By R. Michael Anderson, MA, MBA. Published by Executive Joy! Publishing.
R. Michael Anderson’s book, Soul-Centered Leadership, offers a unique take on leadership congruent with organizational self-management. His chapter on Self-Leadership talks about the illusion of control—the futility of trying to control others. It’s very possible to control oneself. Trying to control others, especially at work, represents wasted energy. Influence through action, not control, is a core leadership principle. A corollary is the concept of taking ownership by focusing on things that are actually within one’s control in order to develop leadership muscles.
Positive language is a core cultural artifact of effective organizational self-management and soul-centered leadership. Anderson reinforces this idea by illustrating the power of language to differentiate victim and owner mindsets. Collaborative language is positive, affirming, responsible (i.e. “I’ll find out; I’ll figure it out”). Victimhood language is defensive, blaming, negative (i.e., “I can’t; I don’t know how”). One might also reasonably expect a collaborative self-managed team environment to prefer pronouns like we, us, and ours to I, me and mine.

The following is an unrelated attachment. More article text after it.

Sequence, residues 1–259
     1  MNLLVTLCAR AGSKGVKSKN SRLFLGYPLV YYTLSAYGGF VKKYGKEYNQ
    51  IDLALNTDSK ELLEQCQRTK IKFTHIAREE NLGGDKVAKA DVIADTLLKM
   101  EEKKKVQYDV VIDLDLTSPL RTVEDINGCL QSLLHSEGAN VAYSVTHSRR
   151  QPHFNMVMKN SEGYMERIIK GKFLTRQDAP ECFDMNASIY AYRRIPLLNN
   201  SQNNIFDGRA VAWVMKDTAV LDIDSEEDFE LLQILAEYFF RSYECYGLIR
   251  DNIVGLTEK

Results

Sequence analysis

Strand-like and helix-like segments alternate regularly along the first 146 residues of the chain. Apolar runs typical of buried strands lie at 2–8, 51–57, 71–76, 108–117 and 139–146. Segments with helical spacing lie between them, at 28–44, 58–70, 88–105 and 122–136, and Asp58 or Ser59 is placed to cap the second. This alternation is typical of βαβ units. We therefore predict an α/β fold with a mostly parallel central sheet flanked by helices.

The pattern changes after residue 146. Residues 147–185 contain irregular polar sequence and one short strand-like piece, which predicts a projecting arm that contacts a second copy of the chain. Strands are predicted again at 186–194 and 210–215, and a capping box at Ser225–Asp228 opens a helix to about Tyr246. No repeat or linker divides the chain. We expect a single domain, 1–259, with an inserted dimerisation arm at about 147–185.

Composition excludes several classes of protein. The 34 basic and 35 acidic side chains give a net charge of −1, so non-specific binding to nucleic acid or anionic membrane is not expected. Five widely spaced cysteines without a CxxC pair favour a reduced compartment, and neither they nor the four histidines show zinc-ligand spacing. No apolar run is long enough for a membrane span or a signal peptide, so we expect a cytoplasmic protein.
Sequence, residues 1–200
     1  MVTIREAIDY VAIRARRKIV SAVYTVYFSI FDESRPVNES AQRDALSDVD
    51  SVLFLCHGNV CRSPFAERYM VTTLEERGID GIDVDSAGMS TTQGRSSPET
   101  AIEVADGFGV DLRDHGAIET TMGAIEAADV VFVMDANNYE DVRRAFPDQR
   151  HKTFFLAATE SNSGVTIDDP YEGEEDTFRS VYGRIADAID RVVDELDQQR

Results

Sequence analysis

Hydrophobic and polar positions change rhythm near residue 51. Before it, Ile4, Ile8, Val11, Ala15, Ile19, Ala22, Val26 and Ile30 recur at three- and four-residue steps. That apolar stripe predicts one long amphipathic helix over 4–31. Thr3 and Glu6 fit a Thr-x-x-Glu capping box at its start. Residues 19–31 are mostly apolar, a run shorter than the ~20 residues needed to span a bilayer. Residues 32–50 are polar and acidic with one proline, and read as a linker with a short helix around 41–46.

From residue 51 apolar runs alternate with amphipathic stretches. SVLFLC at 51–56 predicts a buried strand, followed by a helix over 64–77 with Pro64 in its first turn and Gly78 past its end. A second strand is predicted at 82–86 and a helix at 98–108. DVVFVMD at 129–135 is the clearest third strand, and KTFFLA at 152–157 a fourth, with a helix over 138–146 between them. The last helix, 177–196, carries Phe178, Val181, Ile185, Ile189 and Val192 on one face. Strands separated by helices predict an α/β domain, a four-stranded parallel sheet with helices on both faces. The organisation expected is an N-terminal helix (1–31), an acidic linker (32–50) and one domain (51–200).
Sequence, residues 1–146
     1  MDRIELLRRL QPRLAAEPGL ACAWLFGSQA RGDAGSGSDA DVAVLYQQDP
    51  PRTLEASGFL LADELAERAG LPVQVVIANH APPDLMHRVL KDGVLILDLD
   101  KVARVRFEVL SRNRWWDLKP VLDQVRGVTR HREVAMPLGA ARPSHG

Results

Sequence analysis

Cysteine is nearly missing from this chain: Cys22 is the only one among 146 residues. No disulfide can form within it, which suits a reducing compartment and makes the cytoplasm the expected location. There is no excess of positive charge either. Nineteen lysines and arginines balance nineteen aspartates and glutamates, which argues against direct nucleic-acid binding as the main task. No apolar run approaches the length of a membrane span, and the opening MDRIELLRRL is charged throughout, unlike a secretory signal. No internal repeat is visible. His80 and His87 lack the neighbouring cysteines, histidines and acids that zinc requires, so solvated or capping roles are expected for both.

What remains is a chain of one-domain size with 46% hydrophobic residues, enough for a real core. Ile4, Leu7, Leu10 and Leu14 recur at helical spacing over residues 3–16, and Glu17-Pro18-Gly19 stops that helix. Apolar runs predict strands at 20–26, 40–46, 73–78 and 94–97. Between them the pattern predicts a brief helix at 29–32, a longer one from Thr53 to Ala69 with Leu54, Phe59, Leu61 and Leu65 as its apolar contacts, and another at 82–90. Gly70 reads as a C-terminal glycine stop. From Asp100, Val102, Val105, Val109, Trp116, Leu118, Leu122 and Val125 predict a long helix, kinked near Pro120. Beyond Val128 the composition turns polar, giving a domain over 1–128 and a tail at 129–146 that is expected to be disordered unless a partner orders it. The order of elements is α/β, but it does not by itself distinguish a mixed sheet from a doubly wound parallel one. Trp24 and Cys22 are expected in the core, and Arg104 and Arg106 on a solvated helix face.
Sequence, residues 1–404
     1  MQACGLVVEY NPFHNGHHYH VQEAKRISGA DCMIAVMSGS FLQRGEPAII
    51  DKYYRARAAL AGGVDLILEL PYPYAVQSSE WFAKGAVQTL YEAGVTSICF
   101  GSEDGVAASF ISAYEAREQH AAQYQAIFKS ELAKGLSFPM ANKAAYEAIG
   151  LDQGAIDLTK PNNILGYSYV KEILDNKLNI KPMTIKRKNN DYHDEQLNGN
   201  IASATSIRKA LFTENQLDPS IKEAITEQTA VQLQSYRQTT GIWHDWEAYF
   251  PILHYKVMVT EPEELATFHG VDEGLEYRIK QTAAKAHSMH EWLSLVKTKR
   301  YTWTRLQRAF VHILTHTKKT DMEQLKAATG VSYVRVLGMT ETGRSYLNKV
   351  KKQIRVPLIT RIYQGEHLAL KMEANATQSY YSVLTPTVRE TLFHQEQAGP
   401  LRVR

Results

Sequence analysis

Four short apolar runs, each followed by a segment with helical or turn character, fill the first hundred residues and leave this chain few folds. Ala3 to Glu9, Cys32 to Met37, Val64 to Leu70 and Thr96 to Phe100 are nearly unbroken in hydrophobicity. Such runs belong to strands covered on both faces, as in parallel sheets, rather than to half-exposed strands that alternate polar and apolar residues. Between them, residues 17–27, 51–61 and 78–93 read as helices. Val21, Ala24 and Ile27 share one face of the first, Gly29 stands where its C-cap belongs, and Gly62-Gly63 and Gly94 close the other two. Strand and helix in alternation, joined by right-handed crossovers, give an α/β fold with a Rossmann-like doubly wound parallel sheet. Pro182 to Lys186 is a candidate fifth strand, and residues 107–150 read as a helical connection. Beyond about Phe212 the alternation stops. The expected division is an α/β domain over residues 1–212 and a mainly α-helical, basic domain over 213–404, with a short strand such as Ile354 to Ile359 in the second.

The author really hits the mark in his discussion of commitments. He says “a commitment means you are 100% in. That means if you are 99% or less, and you aren’t absolutely sure you will do something, don’t commit to it.” Commitment-keeping represents exactly one-half of the foundation of organizational self-management. According to language expert Fernando Flores, commitments are affirmative speech acts, with structure, specific language and a lifecycle. The author’s take on commitment is both perfectly challenging and perfectly accurate. His observation that “disappointment is often a result of vague, or the absence of, agreed-upon agreements” describes what could be the majority of ill-formed “commitments” made every day in corporate America.
Anderson shares a number of useful observations about mindfulness, courage, vulnerability, self-limiting beliefs and other dimensions that speak to personal effectiveness—the essence of soul-centered leadership and effective self-management.
Interesting book; timely topic.